Magic Carpets



The art of buying a carpet. It’s an art ain’t it? Could be whimsical, or covered in an ecology of fanciful creatures, maybe a few sacred signs and stylized flowers thrown in for good measure? Pictorial echoes of the cultures that made them rolled up in threads of days gone by. Lovely that. Makes me think of the nomad wandering in a (hostile/barren) desert carrying his imaginary paradise in a two-dimensional Eden. Makes me think that having a carpet handy is imperative. Never mind a mounted elephant head, a handmade tapestry is the supreme travel trophy and a rare thrill. I don’t like trophies. But I love thrills. Like most alluring things, bagging a good carpet is not easy.

I remember being in Marrakesh, a place thick with carpet sharks and labyrinthine markets that I doubted I would ever find my way out of (as an aside I found and bought my very first pack of Doreen Virtue angel cards amidst the matting). The restrictions on portrayal of the human form in Islamic countries means some of the most popular designs are geometric arabesques. Which I happen to like. A lot. My bargaining session in the carpet souk took place to the sounds of Muslim devotional music. I felt triumphant and wanted to buy a tent too. Then I’d have the winning team that could always create an instant oasis. All I’d need is a sunset to ride off into when the time to move came.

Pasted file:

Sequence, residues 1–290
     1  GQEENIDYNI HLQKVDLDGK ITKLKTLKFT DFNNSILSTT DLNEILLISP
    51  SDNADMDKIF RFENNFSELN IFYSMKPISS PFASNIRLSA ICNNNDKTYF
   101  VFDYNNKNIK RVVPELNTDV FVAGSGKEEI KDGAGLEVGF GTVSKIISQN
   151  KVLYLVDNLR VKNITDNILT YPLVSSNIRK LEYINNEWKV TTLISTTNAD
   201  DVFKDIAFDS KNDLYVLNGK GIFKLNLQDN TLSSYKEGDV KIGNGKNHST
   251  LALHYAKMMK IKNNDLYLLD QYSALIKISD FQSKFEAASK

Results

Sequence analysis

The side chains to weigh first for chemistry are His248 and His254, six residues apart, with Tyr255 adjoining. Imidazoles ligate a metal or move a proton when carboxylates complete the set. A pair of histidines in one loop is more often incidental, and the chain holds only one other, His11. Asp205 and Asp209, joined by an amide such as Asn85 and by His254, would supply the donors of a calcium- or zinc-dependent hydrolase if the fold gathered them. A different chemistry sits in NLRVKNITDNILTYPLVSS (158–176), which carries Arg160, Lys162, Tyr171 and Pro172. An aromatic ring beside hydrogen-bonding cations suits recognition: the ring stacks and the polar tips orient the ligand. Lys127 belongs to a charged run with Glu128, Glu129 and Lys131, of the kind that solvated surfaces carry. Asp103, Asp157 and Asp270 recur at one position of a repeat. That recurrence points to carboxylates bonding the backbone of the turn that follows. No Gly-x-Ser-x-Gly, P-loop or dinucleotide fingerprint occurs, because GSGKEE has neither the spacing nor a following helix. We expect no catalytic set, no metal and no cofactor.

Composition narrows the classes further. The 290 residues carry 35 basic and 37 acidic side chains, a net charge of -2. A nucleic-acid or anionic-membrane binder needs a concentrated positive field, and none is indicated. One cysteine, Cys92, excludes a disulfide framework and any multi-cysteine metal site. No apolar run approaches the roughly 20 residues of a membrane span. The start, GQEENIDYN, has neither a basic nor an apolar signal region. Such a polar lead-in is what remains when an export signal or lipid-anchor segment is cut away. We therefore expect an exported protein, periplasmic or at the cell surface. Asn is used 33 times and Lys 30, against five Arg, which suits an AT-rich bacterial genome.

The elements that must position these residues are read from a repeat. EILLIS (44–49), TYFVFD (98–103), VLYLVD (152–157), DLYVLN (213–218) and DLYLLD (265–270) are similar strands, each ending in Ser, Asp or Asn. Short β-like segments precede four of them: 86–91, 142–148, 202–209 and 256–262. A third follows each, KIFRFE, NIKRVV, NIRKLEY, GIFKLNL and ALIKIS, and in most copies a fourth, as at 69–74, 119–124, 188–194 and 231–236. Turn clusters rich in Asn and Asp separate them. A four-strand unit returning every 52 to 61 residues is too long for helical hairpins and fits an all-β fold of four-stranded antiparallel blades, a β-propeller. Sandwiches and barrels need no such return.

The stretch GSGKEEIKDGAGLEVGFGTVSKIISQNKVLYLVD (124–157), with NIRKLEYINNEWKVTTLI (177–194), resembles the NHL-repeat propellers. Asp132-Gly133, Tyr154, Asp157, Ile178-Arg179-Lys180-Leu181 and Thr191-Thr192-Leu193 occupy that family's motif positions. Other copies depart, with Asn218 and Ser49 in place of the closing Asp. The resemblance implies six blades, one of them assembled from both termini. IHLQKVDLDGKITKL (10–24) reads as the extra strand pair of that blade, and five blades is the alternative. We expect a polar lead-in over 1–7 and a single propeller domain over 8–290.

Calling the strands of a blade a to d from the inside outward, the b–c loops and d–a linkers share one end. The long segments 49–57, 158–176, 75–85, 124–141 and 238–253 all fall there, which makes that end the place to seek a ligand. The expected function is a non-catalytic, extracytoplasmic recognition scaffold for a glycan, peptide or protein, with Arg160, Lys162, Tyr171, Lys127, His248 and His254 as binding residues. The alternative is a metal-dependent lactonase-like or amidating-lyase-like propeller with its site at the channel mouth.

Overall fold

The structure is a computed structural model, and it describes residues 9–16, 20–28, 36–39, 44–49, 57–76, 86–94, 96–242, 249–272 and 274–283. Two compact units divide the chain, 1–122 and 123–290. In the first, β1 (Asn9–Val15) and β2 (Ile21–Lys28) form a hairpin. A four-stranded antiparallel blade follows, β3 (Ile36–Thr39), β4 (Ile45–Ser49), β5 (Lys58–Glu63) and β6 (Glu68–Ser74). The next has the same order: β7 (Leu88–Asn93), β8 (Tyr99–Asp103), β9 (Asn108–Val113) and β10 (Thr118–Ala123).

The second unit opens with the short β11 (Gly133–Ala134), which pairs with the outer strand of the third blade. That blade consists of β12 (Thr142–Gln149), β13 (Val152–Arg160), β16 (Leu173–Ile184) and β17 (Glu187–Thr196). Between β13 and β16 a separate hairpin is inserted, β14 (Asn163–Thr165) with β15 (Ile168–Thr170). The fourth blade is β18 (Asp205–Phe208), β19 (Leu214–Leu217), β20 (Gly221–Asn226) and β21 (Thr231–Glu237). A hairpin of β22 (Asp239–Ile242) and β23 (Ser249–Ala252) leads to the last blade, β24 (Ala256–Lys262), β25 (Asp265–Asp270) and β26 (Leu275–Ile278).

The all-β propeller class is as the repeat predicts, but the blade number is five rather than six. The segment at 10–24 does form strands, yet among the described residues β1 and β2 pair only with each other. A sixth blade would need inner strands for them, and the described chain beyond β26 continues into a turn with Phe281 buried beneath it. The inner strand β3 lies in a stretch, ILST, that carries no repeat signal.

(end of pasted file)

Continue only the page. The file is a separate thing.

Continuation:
There are two schools of thought about this. The buying and not my imaginary oasis. The first, the one expounded in many a story of old, holds that a casual carpet buyer like myself is a rare personality – an enthusiast. And as such, acts of expediency and novelty are performed almost without thinking. The second sees the exchange between myself and the carpet dealer as akin to a barely disguised duel, and that the art that lies within the rug must therefore contain hidden messages when put together. Am I suggesting subliminal carpets? Hell yes I am! I dig what Virgina Wolf wrote in A Sketch of the Past: ‘It is a constant idea of mine, that behind the cotton wool (of daily reality) is hidden a pattern; that we – I mean all human beings – are connected with this; that the whole world is a work of art; that we are parts of the work of art.’ Treadable magic and being taken for a ride? Who’s gonna say no to that.


source: Maryam Montague

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